Though more than a third of the dishes on its menus include meat, Saha — Mohamed and Marmee Aboghanem's stylish restaurant, which serves what they call "Arabic fusion" food — has achieved cult status for devoting a big portion of its menu to vegan dishes. "I have a lot of vegetarian and vegan friends," Mohamed explains.
And we're not just talking hummus or baba ghanoush. Stuffed and fried avocados wrapped in frilly knaffe, or pastry threads. Maklouba, rice, and spices layered with eggplant, yogurt, and tofu. One of the best of Mohamed's vegan dishes? His interpretation of kibbeh, a Lebanese-Jordanian dish that, almost by definition, is made with a blend of lamb and bulgur.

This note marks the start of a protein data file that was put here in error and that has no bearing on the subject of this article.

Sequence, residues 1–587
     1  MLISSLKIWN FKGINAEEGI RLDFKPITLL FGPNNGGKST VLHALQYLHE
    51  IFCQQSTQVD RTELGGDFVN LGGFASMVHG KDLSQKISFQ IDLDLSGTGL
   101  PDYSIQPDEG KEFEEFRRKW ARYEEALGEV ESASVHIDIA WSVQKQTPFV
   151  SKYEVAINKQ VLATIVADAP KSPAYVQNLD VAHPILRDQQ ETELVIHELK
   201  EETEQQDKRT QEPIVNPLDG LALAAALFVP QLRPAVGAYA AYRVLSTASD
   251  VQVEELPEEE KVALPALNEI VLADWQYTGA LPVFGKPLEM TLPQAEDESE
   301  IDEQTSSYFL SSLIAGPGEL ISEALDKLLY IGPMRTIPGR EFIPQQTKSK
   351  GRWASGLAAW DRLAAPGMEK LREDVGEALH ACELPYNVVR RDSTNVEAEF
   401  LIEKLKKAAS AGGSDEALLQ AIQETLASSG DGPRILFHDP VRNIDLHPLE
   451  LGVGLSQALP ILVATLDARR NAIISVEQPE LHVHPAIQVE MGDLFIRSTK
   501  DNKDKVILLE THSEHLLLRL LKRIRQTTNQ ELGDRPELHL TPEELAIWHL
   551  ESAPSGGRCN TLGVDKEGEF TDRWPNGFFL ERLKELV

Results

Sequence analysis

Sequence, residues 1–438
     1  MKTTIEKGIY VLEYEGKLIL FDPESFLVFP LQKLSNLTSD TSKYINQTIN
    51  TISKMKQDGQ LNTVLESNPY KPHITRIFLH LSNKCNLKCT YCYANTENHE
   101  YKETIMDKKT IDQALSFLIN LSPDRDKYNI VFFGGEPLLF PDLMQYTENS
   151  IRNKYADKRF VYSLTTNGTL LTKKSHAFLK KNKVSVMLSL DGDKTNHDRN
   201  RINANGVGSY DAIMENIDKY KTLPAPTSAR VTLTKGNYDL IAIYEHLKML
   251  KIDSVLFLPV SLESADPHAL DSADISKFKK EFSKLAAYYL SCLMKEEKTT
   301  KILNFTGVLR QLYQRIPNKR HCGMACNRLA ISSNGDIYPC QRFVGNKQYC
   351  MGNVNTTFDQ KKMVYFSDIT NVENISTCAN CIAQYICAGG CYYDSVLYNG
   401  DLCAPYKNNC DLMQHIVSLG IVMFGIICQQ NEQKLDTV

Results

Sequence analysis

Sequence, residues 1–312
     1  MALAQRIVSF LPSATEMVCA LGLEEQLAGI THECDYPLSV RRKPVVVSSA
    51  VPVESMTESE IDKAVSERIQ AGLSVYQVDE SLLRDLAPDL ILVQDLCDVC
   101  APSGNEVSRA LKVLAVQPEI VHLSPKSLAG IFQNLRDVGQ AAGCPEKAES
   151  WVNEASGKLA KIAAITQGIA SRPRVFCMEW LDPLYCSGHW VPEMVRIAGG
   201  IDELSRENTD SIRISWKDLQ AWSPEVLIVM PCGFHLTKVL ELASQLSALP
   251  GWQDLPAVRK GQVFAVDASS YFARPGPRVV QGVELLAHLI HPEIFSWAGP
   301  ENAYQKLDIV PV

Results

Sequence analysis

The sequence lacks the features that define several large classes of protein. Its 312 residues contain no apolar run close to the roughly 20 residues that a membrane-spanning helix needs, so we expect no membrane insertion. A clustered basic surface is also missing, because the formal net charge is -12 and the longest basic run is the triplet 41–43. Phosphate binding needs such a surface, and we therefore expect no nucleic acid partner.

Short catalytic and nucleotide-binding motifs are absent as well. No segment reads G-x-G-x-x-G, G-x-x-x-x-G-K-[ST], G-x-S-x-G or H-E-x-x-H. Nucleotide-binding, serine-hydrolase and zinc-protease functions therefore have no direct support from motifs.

Aboghanem's vegan kibbeh changes with the seasons. The exterior shell stays the same — bulgur wheat, pressed into an elongated oval — and so does a dab of Yemenese bayaa, a leek-herb pesto with a fiercely herbaceous bite, and the saffron sauce the kibbeh rests on. Sometimes the filling is dominated by bell peppers and yellow squash, other times it's butternut. On our last visit, when we opened up the shell, mushrooms, sauteed until they concentrated into an umami-laden mass, spilled out. The fried bulgur shell's granular crunch is the source of the kibbeh's immediate appeal, the first thing that gets you. But the multilayered flavors of the dish soon unfold and expand: A hit of cilantro, an intimation of saffron, the bite of pepper, the earthy pulse of the mushrooms. It's a dish as rich and inviting as the restaurant itself.
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